Quantum physics continues to surprise many researchers with the most diverse options and configurations for the interaction and interconversion of various compounds, however, there are some processes that are extremely difficult to study, mainly because of their secretive nature. So the so-called con-anomaly, which is a good example of such processes, was demonstrated and studied a little on the example of a metal compound called tantalum phosphate – which, in turn, belongs to the class of Weyl semimetals, which have enhanced electrical properties in quantum conditions.
All these complex names can essentially be simplified to one simple question – how can the stability and severity of quantum interconversions be improved in conditions of using various metals and semimetals? Here the mentioned con-anomaly comes in handy, which explains the unusual interaction of electrons with phonons, the latter of which are vibrations passing through crystalline material (the semimetal itself).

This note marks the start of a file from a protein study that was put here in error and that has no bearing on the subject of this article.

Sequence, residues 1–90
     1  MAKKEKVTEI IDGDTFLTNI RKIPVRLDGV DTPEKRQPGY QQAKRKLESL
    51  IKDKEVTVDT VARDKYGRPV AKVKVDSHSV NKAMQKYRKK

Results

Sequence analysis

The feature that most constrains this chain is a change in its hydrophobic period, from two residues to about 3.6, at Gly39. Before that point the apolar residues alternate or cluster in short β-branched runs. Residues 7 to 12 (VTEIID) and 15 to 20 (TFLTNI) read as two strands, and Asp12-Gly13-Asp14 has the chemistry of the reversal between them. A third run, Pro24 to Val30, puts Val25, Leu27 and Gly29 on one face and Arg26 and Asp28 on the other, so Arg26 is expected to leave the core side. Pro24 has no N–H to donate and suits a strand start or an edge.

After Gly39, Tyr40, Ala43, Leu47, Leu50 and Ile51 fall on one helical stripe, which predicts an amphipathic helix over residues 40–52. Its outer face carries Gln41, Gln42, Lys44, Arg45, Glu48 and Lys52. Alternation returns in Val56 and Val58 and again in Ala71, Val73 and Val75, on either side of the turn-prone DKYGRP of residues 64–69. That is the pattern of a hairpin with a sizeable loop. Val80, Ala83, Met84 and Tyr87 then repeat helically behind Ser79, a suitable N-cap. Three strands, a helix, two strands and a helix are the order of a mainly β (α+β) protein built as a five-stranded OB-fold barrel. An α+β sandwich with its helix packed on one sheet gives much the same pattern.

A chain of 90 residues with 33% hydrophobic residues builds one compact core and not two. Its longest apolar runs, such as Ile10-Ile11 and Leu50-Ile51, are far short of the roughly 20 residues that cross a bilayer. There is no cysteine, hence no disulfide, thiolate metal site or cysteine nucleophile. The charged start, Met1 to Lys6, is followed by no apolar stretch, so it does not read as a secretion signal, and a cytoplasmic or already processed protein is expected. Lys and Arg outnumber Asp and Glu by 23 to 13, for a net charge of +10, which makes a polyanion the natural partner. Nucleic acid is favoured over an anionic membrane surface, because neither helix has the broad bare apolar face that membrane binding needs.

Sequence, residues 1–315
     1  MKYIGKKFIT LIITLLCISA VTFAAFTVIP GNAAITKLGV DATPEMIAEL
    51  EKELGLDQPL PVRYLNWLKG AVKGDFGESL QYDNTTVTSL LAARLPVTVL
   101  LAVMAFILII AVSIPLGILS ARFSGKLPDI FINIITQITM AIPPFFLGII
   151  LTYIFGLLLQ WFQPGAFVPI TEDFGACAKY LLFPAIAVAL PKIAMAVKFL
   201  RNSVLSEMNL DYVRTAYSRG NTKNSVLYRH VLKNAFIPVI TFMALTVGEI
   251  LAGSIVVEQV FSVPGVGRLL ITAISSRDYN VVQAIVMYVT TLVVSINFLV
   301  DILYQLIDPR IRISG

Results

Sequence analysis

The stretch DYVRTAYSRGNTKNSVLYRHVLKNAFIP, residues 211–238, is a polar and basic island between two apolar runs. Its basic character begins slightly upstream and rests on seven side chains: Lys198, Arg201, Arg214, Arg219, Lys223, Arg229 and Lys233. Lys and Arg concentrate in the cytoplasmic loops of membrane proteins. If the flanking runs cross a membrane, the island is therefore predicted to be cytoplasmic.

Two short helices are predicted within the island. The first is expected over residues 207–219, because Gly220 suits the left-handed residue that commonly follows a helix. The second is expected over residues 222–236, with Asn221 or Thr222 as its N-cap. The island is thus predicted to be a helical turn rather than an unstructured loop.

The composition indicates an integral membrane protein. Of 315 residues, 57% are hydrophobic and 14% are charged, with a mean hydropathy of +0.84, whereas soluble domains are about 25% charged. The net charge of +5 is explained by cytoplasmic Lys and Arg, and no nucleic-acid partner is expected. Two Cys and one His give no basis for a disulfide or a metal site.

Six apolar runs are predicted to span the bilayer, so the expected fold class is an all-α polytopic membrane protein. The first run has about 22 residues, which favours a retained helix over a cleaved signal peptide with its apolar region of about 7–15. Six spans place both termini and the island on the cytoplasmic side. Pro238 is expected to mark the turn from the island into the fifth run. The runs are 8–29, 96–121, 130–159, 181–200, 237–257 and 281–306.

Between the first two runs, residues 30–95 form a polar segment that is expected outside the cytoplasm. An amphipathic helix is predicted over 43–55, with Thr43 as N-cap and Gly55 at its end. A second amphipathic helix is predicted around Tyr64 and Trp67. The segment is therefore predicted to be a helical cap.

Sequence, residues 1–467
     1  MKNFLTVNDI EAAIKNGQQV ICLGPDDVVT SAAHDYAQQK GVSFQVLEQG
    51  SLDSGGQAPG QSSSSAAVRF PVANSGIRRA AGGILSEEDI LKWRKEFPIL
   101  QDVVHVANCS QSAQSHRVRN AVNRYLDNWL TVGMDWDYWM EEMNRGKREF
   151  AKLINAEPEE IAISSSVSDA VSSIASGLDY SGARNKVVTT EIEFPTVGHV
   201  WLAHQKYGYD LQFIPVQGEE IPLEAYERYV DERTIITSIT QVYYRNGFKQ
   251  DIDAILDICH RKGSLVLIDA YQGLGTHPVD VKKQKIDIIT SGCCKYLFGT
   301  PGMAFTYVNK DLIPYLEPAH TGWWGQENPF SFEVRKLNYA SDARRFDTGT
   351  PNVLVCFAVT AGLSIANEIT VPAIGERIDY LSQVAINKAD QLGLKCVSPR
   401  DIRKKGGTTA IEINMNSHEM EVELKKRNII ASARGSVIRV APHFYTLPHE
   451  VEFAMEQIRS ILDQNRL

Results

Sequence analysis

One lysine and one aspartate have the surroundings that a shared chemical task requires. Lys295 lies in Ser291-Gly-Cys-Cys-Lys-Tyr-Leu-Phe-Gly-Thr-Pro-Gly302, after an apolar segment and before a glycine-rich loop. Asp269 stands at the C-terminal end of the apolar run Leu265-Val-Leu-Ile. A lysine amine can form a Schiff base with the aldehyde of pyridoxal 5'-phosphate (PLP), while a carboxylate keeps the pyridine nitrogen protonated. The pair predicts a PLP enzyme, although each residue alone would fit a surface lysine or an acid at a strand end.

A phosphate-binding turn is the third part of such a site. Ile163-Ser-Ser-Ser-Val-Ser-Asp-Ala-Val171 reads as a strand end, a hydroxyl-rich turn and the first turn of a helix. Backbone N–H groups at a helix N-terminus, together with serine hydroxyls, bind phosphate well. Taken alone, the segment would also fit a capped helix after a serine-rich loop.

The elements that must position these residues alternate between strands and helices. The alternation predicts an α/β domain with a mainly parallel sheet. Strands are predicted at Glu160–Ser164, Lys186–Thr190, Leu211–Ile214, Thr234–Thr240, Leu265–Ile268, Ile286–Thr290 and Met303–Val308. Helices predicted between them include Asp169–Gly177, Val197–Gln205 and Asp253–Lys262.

It was previously assumed that similar interactions and related anomalies can occur only in the most active metals and metal compounds such as graphene, however, a current study by MIT experts has clearly demonstrated that similar complex quantum processes can occur in less active materials. Thus, having discovered this anomaly and having managed to observe some micro-processes, MIT experts are now confident that they will be able to apply this knowledge in the field of creating even more productive quantum materials and technologies.
Considering that the technology of quantum computers is getting closer and closer to its final commercial form every year, it becomes clear that soon such results and observations can become something like a new base for constructing new quantum materials or devices using different quantum principles. However, in reality it may not be quite so, since this topic is very extensive and complex.